In the wake of the 2012 elections in the US, much of the media has been grappling with two major issues that must be understood: how did Obama and the Democrats win and where do the Republicans go from here? There’s a variety of answers to both, but there’s two key explanations that are striking if you pair them side by side.
Among the apparent causes for various progressive victories is that Republicans and conservatives overestimated their chance at winning, and didn’t invest their electoral resources very intelligently as a result. As part of analyzing that, in a recent interview with author Chrystia Freeland in the Washington Post, Ezra Klein chillingly notes:
“These folks, too, are purportedly very data focused, very good at assimilating new information. So I find it genuinely scary that neither Romney nor his super-rich backers had any idea he was going to lose. All the polls, all the models, all the betting markets said he was likely to lose. How did a group of people who, in their jobs, have to be willing to read and respond to disappointing data convince themselves to ignore every piece of data we had?”
So there’s the first worrisome problem right off the bat: there is a class of people in US society who are at once highly valued as financial analysts or something similar and yet, many of them do not seem to be able to analyze things, financially or otherwise. This is part of how the markets could so idiotically pour investment into patently toxic mortgages (causing the most recent recession), clearly overvalued homes (causing the housing bubble), and obviously worthless internet stock (causing the one before that). A sizable percentage of the financier class who are supposed to be intelligently running things seem to be doing anything but making the correct calls. That same poor ability to analyze reality or predict consequences reared its head politically on election day, when that group overwhelmingly anticipated a Romney victory, in spite of all evidence otherwise.
Chrystia Freeland eerily replies that it’s worse than that. Large parts of that socio-economic class aren’t merely convinced of their awesomeness at their jobs, but also believe that the perks of their position are more than personal but part of the greater good. She explains-
“They’re convinced that it just so happens that their self-interest coincides perfectly with the collective interest. That’s where you get this idea of the ‘job creators’. The view is that to seek a low tax environment or less regulation, that’s not special pleading for yourself, it’s not transactional politics. It’s that this set of rules is the most conducive to economic growth for everybody. It will grow the pie. Now, it also happens to be an incredibly convenient way of thinking. If you’ve developed an ideology that what’s good for you personally also happens to be good for everyone else, that’s quite wonderful because there’s no moral tension.”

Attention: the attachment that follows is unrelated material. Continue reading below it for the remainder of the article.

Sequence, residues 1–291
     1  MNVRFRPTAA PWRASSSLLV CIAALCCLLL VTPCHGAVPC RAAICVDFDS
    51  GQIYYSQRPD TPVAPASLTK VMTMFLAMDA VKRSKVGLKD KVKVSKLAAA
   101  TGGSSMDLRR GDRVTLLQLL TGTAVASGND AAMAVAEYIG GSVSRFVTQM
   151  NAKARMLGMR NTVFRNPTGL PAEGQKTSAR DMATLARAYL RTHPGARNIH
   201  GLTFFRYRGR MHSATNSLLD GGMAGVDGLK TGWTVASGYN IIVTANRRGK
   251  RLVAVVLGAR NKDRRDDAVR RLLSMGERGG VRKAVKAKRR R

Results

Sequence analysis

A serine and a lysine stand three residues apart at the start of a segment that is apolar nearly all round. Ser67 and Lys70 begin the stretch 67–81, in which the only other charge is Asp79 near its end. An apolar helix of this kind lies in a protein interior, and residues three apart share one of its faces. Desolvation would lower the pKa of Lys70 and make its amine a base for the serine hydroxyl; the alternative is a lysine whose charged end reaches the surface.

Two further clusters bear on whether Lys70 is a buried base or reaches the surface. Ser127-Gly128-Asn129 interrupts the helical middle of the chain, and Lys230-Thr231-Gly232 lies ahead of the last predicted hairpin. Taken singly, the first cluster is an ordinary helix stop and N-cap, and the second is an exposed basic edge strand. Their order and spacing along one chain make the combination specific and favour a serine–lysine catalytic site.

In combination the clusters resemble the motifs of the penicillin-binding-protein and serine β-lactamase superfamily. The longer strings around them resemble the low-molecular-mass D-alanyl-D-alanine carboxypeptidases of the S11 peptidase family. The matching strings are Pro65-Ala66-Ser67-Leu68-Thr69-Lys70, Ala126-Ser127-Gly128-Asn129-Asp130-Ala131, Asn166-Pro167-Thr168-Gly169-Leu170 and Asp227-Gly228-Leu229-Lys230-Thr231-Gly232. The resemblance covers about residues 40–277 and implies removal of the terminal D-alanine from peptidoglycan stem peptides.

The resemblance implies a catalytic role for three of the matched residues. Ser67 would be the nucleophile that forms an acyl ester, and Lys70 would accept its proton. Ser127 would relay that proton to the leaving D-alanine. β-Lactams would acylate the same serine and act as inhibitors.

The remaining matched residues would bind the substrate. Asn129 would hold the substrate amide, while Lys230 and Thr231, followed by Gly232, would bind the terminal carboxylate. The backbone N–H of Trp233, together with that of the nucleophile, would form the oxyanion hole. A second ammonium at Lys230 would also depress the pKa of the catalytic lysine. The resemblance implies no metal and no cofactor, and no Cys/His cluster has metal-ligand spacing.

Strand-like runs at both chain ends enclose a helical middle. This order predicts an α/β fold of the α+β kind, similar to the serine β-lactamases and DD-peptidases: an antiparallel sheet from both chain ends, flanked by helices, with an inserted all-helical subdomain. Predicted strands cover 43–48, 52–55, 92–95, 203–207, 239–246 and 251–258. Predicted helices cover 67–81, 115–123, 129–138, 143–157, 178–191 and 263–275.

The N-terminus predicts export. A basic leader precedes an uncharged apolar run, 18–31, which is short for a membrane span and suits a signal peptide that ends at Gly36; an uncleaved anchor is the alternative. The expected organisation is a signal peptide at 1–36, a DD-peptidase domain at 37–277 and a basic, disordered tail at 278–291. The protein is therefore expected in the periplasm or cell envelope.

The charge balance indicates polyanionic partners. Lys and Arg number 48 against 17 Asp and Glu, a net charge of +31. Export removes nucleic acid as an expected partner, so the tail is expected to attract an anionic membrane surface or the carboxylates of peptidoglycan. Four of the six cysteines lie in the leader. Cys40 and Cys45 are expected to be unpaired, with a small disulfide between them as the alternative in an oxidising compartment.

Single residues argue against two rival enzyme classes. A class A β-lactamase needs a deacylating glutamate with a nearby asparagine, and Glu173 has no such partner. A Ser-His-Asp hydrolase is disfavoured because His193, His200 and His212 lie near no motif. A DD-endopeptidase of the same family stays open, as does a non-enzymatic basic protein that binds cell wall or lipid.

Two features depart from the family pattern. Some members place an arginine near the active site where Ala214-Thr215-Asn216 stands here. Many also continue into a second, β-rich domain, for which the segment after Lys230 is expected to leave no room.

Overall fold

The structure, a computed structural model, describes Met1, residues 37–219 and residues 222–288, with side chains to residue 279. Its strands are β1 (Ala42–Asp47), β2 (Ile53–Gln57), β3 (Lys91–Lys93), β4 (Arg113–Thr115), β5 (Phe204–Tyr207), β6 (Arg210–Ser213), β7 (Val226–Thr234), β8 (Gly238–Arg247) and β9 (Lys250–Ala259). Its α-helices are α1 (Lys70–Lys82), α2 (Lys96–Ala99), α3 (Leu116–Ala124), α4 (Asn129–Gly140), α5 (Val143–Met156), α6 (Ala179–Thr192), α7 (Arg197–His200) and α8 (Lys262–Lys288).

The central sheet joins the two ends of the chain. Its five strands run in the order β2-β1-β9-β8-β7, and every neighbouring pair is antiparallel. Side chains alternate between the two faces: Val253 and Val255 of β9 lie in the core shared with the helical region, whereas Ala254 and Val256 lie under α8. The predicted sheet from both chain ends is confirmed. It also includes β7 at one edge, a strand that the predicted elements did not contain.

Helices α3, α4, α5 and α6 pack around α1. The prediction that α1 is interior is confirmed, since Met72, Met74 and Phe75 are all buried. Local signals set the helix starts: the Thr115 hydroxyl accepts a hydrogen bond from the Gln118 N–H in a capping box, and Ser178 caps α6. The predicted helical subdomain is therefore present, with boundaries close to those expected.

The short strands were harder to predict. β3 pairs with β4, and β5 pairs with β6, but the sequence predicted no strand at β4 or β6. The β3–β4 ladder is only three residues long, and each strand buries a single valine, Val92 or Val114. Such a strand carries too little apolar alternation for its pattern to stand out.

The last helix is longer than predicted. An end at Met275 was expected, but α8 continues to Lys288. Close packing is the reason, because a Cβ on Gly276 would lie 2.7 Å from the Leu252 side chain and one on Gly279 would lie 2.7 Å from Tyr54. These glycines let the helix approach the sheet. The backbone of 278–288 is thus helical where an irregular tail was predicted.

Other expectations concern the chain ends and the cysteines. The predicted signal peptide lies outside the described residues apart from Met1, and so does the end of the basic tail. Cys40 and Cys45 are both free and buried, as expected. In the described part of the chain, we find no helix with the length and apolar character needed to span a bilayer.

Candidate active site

So, if we’re going to keep the tab running here’s the situation we’re in. There’s a group of powerful people. Many of them are making decisions which notably have negative long term repercussions. But it’s alright, supposedly, because they should know what they’re doing. They’re the group of powerful people after all. Likewise, if their short term decisions result in personal gain, that’s only because their personal gain conveniently always coincides with the best of all possible worlds. Really, they’re doing this for everyone.
Now, momentarily put on hold that idea of social organization which has led us to where we are today politically, economically, and socially. It’s worth asking what the Republican Party’s various members are proposing as the road forward after their obvious loss earlier this month. Their answers obviously vary, but one of the major candidates for the next presidential run, former Florida Governor Jeb Bush, has been running for years now on education reform. Doesn’t that sound bipartisan, forward-thinking, and nice?
But like almost everything proposed by Republicans the more you look the gift horse in the mouth, the more like a nightmarish ghoul it looks. As Reuters has reported, the fundamental mechanics of what he’s done in Florida and is now proposing on a national-scale look suspiciously similar to the disastrous No Child Left Behind policies of the early Bush years. Likewise, the improvement in test schools looks to mostly have been a short term fluke due to rising property tax returns from ballooning real estate sales, after which the state’s schools were left high and dry (and test scores began to drop again as funding declined). The only people who seem to have done well under these circumstances are the small number of for-profit charters who turned tidy profits under the new policies. But don’t worry, Jeb Bush is still insisted that we can apply this law on a national scale with no serious negative impacts.
In short, the new way forward for the Republican Party looks remarkably similar to the exact same organizational philosophy that’s impoverished this country by locking up investment in foolish gamble after foolish gamble (whether purely business or political in nature). But it made someone at the top money, so it’s still worth pursuing. It’s worth noting that similar policies are being implemented in Michigan. I only hope the United States as a whole figures out how this story ends before Jeb Bush can decide that for us.